“We lived on a little cotton farm down by the river in a place called Goodwill,” White told journalist Holly George-Warren in 2005. “My dad had forty acres of cotton and seven kids. They all played guitar and piano and sang all the time, but I wasn’t really into it till I was about 15. My brother brought home an album by Lightnin’ Hopkins, and I heard that old man play and, man, from then on I got my dad’s guitar and locked myself in the bedroom. The song I remember most was ‘Baby, Please Don’t Go’—just him and his guitar and a Coca-Cola box under his foot. It done something to me inside. My dad showed me a couple of chords and that was it.”

Watch Tony Joe White perform live at Paste Studio last month:

White heard Reed and taught himself the harmonica; he heard John Lee Hooker and taught himself that swamp boogie lick. Before long, he was playing house parties with his own Coke box underfoot, a guitar strapped across his shoulders, and a harmonica rack around his neck. That was all he needed to get people dancing.

The swamp sound is built around a seeming paradox: relaxed funk. In cooler and drier climates, dance music usually has a frantic urgency, but along the Gulf Coast and lower Mississippi music is slowed down so the listener still wants to dance but with the indolent sensuality of a sauna. You’re being urged to get up and move, but you’re being urged to not move too fast. It’s neither frenetic nor sedentary but a delicious limbo in between.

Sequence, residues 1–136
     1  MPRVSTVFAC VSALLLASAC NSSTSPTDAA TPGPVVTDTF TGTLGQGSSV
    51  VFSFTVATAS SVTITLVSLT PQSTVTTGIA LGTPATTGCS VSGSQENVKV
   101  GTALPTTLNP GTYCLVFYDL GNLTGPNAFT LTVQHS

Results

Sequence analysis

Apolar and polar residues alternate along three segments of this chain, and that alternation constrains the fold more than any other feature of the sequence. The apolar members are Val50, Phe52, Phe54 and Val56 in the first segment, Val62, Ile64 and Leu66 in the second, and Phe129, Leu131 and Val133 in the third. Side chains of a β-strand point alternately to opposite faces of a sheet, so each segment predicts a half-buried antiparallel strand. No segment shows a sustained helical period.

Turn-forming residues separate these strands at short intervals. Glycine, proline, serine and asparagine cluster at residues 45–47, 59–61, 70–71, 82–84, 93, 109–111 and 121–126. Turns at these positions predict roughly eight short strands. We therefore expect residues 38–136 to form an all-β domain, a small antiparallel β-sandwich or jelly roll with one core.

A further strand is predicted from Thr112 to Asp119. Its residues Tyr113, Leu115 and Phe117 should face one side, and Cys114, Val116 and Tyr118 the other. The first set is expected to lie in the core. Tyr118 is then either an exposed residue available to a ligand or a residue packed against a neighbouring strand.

“I’ve seen them in nightclubs get down on their bellies like an alligator and move around,” White told George-Warren. “It’s primitive and it makes people want to have contact with someone. Swamp rock moves and sweats and steams.”

He spent his late teens and early 20s in Corpus Christi, where he started writing his own songs to fit this sound. He was there in 1967 when he heard Bobbie Gentry’s “Ode to Billie Joe” and thought, “I’ve been to that bridge; I’m going to write about something I really know about.” One thing he knew about was polk salad, a dish made by poor whites and poor blacks down South from pokeweed, a wild plant that tastes a bit like spinach and asparagus if you pick it early enough and boil it enough times.